2004-01-01

    Objective: To study the prevalence of vulvovaginal candida among sexually active adolescents. To determine past and present symptoms, including pain at intercourse and potential behavioural risk factors associated with vulvovaginal candidiasis. Methods: At an adolescent centre, 219 sexually active women who underwent genital examination, also completed a questionnaire on a history of genital symptoms and infections, sexual and hygiene habits, and the use of contraceptives. Symptoms and clinical signs were registered. Vaginal samples were analysed for candida species and urine for Chlamydia trachomatis. Results: Candida culture was positive in 42% of the women and only 15% were asymptomatic. A history of recurrent candidiasis was given by 22%. Frequent pain at intercourse was reported by 24% and frequent oro-genital sex by 42% of the women. Frequent pain at intercourse was significantly associated with both the growth of candida and a history of recurrent candidiasis. Oro-genital sex was an independent risk factor for the growth of candida. Conclusion: In sexually active adolescents, who underwent genital examination, candida cultures were positive in 42%. The habit of frequent oro-genital sex was associated with the growth of candida. Pain at intercourse was associated with the growth of candida and recurrent candidiasis. PMID:14755037

  18. In Vivo and Ex Vivo Imaging Reveals a Long-Lasting Chlamydial Infection in the Mouse Gastrointestinal Tract following Genital Tract Inoculation

    PubMed Central

    Zhang, Qi; Huang, Yumeng; Gong, Siqi; Yang, Zhangsheng; Sun, Xin; Schenken, Robert

    2015-01-01

    Intravaginal infection with Chlamydia muridarum in mice can ascend to the upper genital tract, resulting in hydrosalpinx, a pathological hallmark for tubal infertility in women infected with C. trachomatis. Here, we utilized in vivo imaging of C. muridarum infection in mice following an intravaginal inoculation and confirmed the rapid ascent of the chlamydial organisms from the lower to upper genital tracts. Unexpectedly, the C. muridarum-derived signal was still detectable in the abdominal area 100 days after inoculation. Ex vivo imaging of the mouse organs revealed that the long-lasting presence of the chlamydial signal was restricted to the gastrointestinal (GI) tract, which was validated by directly measuring the chlamydial live organisms and genomes in the same organs. The C. muridarum organisms spreading from the genital to the GI tracts were detected in different mouse strains and appeared to be independent of oral or rectal routes. Mice prevented from orally taking up excretions also developed the long-lasting GI tract infection. Inoculation of C. muridarum directly into the upper genital tract, which resulted in a delayed vaginal shedding of live organisms, accelerated the chlamydial spreading to the GI tract. Thus, we have demonstrated that the genital tract chlamydial organisms may use a systemic route to spread to and establish a long-lasting infection in the GI tract. The significance of the chlamydial spreading from the genital to GI tracts is discussed. PMID:26099591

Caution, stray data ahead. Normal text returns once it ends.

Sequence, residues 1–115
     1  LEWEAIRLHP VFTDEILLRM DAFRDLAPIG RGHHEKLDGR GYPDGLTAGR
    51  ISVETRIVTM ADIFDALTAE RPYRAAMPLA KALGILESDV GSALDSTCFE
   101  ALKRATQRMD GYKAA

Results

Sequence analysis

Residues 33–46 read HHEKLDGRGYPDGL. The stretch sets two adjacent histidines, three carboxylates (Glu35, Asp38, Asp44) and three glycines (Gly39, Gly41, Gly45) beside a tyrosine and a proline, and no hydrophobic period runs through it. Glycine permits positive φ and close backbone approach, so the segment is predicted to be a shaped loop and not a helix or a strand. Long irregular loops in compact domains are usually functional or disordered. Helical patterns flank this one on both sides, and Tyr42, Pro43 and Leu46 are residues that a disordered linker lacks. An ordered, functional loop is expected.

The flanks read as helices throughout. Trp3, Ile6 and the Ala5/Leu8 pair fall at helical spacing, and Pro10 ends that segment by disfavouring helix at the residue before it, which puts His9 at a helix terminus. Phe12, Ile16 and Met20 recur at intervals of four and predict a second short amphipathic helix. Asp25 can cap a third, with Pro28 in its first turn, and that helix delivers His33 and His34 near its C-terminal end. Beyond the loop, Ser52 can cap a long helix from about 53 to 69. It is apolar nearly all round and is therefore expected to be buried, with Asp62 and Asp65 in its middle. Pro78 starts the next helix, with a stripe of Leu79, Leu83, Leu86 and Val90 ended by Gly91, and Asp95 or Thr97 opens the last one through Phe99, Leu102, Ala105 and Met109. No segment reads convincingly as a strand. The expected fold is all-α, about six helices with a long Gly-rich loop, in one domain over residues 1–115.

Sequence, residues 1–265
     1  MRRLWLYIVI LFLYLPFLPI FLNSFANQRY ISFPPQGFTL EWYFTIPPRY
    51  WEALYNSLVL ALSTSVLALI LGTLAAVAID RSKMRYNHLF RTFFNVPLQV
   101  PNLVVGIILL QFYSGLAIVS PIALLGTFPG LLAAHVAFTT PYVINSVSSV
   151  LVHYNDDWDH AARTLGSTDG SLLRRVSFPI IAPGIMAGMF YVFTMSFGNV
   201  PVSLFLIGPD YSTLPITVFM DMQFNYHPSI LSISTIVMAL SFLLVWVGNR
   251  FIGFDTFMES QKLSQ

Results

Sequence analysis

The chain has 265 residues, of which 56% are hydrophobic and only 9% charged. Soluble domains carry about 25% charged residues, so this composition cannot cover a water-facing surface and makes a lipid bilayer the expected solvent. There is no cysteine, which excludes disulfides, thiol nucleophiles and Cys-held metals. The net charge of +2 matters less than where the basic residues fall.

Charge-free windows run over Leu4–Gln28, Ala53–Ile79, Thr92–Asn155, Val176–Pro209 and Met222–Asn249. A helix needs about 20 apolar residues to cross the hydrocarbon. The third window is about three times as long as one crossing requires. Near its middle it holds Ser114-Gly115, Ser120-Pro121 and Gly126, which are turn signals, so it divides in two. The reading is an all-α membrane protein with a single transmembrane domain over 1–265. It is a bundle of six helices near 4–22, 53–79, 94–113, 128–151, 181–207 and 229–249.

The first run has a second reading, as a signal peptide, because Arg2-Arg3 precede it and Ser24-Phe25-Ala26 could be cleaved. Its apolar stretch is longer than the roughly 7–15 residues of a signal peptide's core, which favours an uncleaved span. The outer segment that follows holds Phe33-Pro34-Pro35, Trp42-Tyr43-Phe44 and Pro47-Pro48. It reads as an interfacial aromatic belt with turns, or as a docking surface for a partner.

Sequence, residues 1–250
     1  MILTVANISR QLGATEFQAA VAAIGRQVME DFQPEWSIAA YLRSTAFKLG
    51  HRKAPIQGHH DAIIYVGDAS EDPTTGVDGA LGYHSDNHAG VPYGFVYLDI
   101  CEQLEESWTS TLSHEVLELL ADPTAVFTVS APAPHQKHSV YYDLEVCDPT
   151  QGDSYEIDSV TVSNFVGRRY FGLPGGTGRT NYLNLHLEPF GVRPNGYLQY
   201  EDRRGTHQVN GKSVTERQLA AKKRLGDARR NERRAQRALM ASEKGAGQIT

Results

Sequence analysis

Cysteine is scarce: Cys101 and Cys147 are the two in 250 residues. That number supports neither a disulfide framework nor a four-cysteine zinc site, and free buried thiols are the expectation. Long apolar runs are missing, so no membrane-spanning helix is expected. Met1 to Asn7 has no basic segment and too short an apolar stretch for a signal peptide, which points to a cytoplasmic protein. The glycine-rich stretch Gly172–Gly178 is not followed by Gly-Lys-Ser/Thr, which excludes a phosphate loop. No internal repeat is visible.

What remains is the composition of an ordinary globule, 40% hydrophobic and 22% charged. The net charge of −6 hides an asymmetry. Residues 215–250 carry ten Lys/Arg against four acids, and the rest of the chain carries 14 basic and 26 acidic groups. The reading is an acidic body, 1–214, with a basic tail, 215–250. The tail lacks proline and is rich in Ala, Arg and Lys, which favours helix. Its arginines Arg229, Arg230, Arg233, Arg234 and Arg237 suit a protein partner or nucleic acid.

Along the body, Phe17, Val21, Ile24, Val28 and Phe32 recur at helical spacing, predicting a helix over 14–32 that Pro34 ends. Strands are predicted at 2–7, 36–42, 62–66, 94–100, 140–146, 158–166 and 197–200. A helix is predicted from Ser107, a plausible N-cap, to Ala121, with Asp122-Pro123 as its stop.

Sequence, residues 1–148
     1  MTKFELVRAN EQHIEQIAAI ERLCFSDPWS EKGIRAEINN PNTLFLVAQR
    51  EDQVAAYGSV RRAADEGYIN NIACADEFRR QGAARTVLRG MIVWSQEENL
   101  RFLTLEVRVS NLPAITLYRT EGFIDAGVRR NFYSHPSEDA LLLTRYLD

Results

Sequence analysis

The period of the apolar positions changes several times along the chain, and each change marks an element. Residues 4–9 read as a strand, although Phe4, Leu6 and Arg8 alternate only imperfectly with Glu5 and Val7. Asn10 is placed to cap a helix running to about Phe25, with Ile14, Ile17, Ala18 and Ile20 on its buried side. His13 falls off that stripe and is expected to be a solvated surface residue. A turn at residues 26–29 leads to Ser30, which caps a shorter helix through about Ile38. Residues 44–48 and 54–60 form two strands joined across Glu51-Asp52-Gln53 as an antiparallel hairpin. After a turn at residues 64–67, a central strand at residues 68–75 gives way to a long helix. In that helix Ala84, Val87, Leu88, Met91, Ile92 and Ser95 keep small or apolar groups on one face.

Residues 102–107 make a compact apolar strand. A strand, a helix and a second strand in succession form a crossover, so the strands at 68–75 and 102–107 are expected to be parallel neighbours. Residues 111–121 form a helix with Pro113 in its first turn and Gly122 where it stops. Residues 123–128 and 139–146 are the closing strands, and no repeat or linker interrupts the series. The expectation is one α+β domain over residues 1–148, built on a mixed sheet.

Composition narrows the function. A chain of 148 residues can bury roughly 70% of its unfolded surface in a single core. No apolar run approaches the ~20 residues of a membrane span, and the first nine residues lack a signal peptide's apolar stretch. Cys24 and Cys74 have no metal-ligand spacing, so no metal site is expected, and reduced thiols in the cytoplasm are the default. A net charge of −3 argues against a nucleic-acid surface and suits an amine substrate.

19. Rapid Polymerase Chain Reaction Assay to Detect Herpes Simplex Virus in the Genital Tract of Women in Labor

    PubMed Central

    Gardella, Carolyn; Huang, Meei-Li; Wald, Anna; Magaret, Amalia; Selke, Stacy; Morrow, Rhoda; Corey, Lawrence

    2011-01-01